The new regulation is considered one of the toughest in the world as it bans unauthorized crypto firms from marketing in the UK.

The Economic Secretary to the Treasury, Andrew Griffith, has urged the Financial Conduct Authority (FCA) to find an easy way to regulate crypto advertisements in the UK. The Financial Times has learned this from a letter sent by Griffith to the regulator and seen by people familiar with the matter.

In the letter, the British minister reportedly expressed concerns to FCA’s Nikhil Rathi that the regulator has not yet explained what crypto firms should do to meet the local requirements. In particular, Griffith asked the FCA to show “forbearance” with crypto firms as they seem unaware that their global websites might fall under the regulation.

“The conversations with the FCA and [Treasury] focused on the need for clarity around the regime — we want to avoid a situation where crypto companies choose to go dark in the UK.”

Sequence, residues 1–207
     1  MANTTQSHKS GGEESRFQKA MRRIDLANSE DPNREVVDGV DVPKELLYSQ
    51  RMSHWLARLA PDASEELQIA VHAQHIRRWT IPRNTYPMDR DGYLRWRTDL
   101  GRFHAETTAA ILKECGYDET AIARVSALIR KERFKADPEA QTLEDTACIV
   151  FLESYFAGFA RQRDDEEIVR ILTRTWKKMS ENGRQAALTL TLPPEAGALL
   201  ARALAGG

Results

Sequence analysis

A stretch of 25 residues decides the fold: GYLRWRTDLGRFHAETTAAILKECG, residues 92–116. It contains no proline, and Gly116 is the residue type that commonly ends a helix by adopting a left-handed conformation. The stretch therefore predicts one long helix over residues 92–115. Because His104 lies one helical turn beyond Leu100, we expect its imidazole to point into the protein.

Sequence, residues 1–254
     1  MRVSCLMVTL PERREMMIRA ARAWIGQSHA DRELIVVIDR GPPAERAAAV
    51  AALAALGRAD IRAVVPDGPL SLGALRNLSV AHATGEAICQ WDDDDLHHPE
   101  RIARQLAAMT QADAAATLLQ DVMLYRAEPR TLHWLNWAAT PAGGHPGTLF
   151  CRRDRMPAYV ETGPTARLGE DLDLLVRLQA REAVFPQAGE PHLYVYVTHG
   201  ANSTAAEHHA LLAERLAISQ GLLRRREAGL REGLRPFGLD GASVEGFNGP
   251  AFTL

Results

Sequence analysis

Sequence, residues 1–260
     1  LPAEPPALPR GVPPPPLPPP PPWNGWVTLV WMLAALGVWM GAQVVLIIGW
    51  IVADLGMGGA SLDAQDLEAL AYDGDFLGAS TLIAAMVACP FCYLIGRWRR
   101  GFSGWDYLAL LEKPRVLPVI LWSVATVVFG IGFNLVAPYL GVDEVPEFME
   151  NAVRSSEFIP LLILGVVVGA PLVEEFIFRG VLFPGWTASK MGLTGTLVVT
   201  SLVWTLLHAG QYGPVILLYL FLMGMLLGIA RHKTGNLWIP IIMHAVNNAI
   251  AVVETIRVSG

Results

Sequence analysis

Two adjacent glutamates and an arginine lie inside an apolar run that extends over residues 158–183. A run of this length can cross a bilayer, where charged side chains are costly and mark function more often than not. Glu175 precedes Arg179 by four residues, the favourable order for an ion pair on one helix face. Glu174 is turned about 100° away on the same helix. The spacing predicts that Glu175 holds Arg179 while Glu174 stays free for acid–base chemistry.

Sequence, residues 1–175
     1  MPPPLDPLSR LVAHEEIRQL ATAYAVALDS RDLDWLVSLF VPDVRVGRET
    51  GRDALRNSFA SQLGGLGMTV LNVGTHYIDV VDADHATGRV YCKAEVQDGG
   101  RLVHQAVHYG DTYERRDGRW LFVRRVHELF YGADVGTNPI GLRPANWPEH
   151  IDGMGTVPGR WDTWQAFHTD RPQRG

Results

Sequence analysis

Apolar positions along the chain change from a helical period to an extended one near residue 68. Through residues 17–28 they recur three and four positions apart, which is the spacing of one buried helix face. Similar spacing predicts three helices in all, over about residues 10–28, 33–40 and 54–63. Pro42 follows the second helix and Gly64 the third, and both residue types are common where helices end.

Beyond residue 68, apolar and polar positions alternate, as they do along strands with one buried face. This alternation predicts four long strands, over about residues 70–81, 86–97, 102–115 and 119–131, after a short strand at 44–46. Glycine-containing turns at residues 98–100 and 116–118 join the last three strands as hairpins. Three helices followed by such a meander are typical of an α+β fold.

A spokesperson for a crypto firm

However, it looks like the FCA has not changed its stance on the matter, as Griffith reportedly sent the letter to the agency days before the new rules came into effect, and no updates have been made since then.

Under the new rules, crypto firms in the UK — even those not based in the country — must comply with strict regulations starting Oct. 8. Firms that fail to comply with the rules might eventually face an unlimited fine or up to two years imprisonment.

It seems that the FCA’s objective with these rules is to ensure that crypto businesses maintain transparency and provide accurate information to consumers. By extending the compliance requirements to foreign-based companies, the regulatory body aims to create a level playing field and protect individuals within the UK from misleading or deceptive advertising practices.

Earlier, the FCA warned companies engaging in the unlawful promotion of cryptocurrencies to consumers in the UK, emphasizing that strict measures will be taken against offenders, including the possibility of imprisonment for up to two years, significant fines without limits, or both.

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